Freewill theists quote 1 Cor 10:13 as a prooftext for libertarian freedom (i.e. freedom to do otherwise). Cashing this out in PAP terms, there are possible worlds in which Christians resist said temptations and possible worlds in which Christians succumb to said temptations. And Christians have the metaphysical ability to access either alternative.
Moreover, in my experience, freewill theists say this refers, not to especially grievous sins, like apostasy or transgressions conducive to apostasy, but sinning in general.
Assuming that's an accurate exposition of their position, here's the rub:
According to Molinism, not all possible worlds are feasible worlds. Feasible worlds are a subset of possible worlds. God can only instantiate feasible worlds. And which possible worlds are feasible is beyond his control.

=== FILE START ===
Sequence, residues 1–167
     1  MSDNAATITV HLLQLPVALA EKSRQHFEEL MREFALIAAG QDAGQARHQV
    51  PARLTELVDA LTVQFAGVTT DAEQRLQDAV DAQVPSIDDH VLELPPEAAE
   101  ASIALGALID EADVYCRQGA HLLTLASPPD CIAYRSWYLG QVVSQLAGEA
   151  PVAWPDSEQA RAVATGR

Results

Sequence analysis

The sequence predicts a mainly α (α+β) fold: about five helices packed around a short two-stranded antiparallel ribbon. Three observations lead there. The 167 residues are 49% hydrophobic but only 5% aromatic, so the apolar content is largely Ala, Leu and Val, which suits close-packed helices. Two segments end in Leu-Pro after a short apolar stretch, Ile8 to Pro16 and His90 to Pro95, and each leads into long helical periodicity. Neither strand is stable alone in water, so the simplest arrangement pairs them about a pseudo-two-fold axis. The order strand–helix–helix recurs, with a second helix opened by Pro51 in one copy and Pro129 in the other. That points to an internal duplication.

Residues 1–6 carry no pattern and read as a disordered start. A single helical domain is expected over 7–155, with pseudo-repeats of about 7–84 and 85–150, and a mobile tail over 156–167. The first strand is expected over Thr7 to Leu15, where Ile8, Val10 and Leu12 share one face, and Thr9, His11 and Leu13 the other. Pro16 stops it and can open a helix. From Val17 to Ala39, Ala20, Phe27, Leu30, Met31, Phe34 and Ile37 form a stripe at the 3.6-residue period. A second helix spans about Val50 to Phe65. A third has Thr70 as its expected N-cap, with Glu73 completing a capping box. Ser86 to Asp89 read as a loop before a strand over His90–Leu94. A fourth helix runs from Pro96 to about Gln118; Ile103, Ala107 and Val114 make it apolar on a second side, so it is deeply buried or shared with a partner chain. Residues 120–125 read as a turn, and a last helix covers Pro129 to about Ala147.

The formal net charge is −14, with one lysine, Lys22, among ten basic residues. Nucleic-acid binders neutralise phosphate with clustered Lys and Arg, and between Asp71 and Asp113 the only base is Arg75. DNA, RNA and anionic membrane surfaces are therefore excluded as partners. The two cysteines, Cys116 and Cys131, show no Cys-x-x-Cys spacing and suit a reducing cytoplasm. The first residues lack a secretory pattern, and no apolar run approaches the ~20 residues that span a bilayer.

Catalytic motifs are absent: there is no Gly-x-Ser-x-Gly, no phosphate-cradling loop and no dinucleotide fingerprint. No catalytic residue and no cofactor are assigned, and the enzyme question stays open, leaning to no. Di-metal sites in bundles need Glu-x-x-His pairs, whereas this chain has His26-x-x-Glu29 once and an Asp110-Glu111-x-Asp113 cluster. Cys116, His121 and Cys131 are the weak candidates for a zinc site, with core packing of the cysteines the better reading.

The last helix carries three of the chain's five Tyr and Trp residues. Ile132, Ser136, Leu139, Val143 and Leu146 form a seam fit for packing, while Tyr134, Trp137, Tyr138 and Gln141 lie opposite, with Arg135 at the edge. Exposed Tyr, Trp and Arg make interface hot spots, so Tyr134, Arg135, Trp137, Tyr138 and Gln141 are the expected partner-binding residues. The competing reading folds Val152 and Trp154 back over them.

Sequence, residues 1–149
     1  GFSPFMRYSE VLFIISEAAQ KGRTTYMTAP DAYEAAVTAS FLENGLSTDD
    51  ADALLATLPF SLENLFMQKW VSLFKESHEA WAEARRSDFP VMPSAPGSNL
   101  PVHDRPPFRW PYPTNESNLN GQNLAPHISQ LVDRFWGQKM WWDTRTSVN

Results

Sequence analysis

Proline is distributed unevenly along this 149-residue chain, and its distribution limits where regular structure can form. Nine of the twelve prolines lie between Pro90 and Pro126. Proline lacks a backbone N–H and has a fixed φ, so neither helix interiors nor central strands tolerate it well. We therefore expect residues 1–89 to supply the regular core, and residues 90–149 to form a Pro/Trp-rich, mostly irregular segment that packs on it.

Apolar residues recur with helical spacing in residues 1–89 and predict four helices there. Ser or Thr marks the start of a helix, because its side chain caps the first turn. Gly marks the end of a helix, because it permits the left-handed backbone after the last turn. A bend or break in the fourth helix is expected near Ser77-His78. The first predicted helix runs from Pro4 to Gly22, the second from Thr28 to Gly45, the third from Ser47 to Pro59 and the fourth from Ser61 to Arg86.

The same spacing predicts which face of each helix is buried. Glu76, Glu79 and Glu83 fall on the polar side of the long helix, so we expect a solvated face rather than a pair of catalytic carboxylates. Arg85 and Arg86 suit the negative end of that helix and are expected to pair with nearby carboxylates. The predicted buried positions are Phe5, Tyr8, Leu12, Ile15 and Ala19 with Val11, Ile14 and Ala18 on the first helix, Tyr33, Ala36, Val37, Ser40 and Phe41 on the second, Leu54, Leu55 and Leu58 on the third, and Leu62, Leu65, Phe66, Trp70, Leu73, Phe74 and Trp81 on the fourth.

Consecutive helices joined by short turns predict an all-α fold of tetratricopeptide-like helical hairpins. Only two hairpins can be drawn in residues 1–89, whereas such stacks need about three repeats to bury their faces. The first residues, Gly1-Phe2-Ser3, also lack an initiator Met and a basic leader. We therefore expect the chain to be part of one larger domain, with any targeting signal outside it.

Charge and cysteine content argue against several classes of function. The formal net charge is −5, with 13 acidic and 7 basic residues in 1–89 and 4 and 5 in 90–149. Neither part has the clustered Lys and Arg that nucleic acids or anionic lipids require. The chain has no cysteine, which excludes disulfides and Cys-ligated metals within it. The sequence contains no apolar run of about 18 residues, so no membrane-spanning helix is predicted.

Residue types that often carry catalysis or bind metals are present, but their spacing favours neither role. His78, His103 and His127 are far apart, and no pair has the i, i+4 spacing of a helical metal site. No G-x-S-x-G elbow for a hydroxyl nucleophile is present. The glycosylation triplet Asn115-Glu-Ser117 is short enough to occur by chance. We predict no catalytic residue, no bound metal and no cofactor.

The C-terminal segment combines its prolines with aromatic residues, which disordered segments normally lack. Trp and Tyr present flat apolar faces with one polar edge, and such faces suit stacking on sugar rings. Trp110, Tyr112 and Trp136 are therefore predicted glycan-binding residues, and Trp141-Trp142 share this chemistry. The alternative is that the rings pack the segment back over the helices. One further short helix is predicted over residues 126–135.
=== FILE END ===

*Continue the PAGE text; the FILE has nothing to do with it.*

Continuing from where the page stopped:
In that event, how can God make good on the universal promise to Christians in 1 Cor 10:13 to always provide an alternative to sinning? How can God ensure that for every temptation, a feasible world is always available where a Christian resists that particular temptation?
We're talking about all the daily temptations that every Christian past and future faces. There has to be a supply of feasible worlds to match that situation in each and every case, where the Christian does not give in to temptation.
Also, isn't this a general problem for the Molinist take on conditional and counterfactual statements in Scripture?
Perhaps a Molinist would stipulate that God got very lucky. But isn't that ad hoc?
When defending God's omnibenevolence, they say feasible worlds constrain what God is able to do.
When defending 1 Cor 10:13, are they allowed to make a U-turn?
Does the supply of feasible worlds expand or contract depending on the exigent needs of the Molinist theory at any given time?